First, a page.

...self care is never a selfish act- it is simply good stewardship of the only gift I have, the gift I was put on earth to offer to others. Anytime we can listen to true self and give it the care it requires, we do so not only for ourselves but for the many others whose lives we touch.

Parker J. Palmer, Let Your Life Speak

Friday, August 27, 2010

Is a Day off the Answer to Clergy Obesity?

Taking time away sure helps, especially if you can give yourself the freedom to do so. That seems to be the upshot of all the reporting of the portly North Carolinian United Methodist pastors. An article in the NY Times mentions several other clergy ailments such as depression and suggests that we find a way to take more sabbath.

While I think taking the time is extremely important, the reporting never really addresses the fact that, because of the nature of the pastoral life, most of our lives are structured in a way that 's inherently unhealthy. Whatever the "written" responsibilities are, the reality of the pastoral life is that we run the church while also being there for people in crisis. The nature of crisis is that it happens whenever it will, 24/7. So clergy are more stressed out than the general population. Do ya think?

I'm not sure clergy health has ever been that great. Let's not use this or any research to romanticize the clergy health of yesteryear. Don't believe the fiction that if clergy were somehow more committed, they would be happier. That somehow more Jesus should take the place of more Prozac. That kind of thinking makes the patient worse, not better. An illness is an illness. In truth the needs of our world and thus our parishes are multiplying at an unbelievable rate, and this certainly has a ripple effect on pastors.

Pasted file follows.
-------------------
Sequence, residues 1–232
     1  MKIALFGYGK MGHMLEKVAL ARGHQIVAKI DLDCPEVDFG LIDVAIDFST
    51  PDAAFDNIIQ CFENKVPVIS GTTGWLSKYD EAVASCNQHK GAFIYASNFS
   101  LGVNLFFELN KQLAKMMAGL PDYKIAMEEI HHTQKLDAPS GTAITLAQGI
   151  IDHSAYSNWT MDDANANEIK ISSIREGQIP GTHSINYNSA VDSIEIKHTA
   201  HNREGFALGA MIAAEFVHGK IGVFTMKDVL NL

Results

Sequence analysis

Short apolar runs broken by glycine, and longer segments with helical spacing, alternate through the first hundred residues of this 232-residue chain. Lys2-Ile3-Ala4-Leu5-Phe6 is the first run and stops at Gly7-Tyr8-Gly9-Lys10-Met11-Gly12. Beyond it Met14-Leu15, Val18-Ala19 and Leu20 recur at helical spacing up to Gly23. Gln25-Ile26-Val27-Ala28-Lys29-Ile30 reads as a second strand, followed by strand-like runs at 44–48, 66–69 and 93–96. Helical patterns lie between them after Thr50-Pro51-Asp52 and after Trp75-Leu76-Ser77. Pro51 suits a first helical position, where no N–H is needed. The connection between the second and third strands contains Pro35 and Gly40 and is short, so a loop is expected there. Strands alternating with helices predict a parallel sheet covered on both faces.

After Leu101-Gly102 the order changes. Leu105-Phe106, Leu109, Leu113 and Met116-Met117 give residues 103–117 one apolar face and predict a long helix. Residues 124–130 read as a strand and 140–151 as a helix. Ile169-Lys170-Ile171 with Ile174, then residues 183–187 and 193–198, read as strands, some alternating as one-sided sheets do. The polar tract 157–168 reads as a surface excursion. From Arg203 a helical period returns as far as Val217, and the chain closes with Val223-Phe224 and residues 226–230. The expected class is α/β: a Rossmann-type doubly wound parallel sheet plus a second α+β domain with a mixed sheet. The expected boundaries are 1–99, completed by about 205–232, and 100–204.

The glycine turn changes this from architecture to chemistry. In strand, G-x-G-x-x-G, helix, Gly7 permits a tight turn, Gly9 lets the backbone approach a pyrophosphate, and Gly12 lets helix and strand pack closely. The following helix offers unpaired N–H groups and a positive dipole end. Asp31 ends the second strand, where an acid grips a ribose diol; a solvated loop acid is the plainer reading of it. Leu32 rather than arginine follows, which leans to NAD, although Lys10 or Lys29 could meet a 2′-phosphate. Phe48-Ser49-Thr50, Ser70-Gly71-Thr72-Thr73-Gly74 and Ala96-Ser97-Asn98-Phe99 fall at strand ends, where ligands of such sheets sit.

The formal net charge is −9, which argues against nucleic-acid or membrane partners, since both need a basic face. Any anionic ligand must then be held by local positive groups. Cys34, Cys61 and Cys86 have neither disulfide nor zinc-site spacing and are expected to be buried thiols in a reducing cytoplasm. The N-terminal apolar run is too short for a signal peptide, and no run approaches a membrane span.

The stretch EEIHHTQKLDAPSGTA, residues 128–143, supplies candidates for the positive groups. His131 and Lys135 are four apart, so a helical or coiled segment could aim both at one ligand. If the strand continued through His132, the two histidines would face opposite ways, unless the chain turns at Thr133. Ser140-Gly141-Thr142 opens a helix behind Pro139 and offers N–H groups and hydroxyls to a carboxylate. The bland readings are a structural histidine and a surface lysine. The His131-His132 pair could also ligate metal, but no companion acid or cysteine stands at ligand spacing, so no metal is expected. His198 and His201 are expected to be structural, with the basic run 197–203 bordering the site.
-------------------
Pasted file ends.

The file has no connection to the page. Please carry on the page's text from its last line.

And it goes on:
The answer, I believe, is self-awareness and self-discernment. Knowing your limits, as well as your gifts. Receive for yourself what you are offering to others: compassion, understanding, mercy, truth. Of course, you may need to take a day off to get to that place. But, it's not heroic or "sacrificial" or unselfish to live in denial of your health.

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Having been in ordained ministry in the UMC for 34 years, I've experienced the truth that although, clergy are frequently present for others, no one can offer what they don't have.That's why if you're a clergy person, you need someone who will listen to you. Not the random next closest person available, but rather someone like a spiritual director, a therapist, a peer who can be fully present to you. I hope the links and posts you find here will give you ideas, humor, hope and encouragement. Scott Endress

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